Did you discuss the situation of Palestinian refugees in Syria with Arab League Chief Nabil Al-Arabi?

I had a very good discussion on this issue with Dr Al-Arabi on Monday, 14 January, because we are approaching a conference at the end of the month that will be hosted by the emir of Kuwait and UN Secretary-General Ban Ki-Moon on helping Syria. This is a humanitarian conference, not a political one. I told Dr Al-Arabi, and he agreed 100 per cent, that we should not forget the Palestinians. The saddest thing is that Palestinians were very well treated in Syria. But once the situation deteriorated, you can see that they are now more exposed than other citizens. I spoke to a lot of refugees when I was there, and they now feel that because they are Palestinians, it is more difficult for them to go to hospitals, because the hospitals are full, stretched and short of supplies, and the priority is for Syrian citizens. That’s a natural, but sad fact.

But are Palestinians involved in the sectarian conflict in Syria?

At this point, they are not. But if the situation deteriorated further, we could see retribution against one group or the other. So far, the Palestinians’ military involvement has been minimal. But there is always a risk. The more the conflict goes on, the more the sectarian aspect will be dangerous, including for Palestinians. I must also mention that Hamas has been quite careful that the situation doesn’t affect the Palestinians in Syria. Ideologically, they might be close to the Syrian opposition, but pragmatically, they have avoided pouring fuel on the ongoing flames because their people will suffer more than they are suffering already.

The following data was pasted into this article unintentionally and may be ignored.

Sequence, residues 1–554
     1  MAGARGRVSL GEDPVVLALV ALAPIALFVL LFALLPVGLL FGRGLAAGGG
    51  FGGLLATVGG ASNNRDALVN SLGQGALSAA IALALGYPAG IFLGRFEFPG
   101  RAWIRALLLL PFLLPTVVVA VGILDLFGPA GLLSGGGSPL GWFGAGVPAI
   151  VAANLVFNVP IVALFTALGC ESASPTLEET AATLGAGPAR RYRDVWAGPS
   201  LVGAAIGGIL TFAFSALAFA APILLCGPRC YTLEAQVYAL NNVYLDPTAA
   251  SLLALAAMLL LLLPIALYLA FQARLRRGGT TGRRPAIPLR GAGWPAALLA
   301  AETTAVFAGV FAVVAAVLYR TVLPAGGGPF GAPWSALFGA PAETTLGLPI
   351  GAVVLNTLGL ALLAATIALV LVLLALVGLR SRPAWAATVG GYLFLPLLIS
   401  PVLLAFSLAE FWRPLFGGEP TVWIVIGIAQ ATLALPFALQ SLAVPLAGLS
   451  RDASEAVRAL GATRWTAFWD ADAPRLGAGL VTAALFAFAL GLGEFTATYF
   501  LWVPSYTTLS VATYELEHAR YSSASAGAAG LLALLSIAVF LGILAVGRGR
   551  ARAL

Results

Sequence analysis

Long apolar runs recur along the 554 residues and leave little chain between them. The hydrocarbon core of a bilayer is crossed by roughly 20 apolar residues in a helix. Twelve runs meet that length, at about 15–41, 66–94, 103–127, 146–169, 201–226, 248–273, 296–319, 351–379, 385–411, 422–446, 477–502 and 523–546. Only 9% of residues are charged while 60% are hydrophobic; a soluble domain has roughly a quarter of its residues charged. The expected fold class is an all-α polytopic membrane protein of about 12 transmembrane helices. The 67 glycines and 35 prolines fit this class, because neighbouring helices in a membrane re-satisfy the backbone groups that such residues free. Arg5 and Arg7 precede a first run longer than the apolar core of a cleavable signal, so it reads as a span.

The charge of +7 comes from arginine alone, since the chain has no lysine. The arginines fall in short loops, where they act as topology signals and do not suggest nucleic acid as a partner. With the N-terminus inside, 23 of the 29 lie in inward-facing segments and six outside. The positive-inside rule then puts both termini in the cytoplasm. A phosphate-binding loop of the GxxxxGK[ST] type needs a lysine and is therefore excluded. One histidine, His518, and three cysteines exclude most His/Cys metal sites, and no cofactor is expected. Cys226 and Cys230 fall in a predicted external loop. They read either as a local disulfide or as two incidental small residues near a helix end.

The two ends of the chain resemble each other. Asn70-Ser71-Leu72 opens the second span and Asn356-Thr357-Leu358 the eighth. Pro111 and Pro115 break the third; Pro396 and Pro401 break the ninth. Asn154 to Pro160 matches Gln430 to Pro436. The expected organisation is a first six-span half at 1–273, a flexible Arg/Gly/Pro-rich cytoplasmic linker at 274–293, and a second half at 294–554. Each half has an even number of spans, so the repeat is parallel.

Have many Palestinian refugees fled from Syria to Lebanon and Jordan?

Around 20,000 Palestinians have already moved to Lebanon because of the bad situation in Syria. Meanwhile, Jordan has stated publicly that Palestinians from Syria should not go to Jordan. They have already a large number of Palestinians and they don’t want more. Hardly 2000-3000 left to Jordan. We understand the occupation of Jordanians, and the fact that they already have refugees from Syria. But we appeal to them, for humanitarian purposes, to allow some cases in. Lebanon is not also the best place for Palestinians to be because the situation there has been difficult for years. But they are desperate, and they disperse into existing communities and camps and stay with their families and friends. We try to offer them help, particularly in the field of education.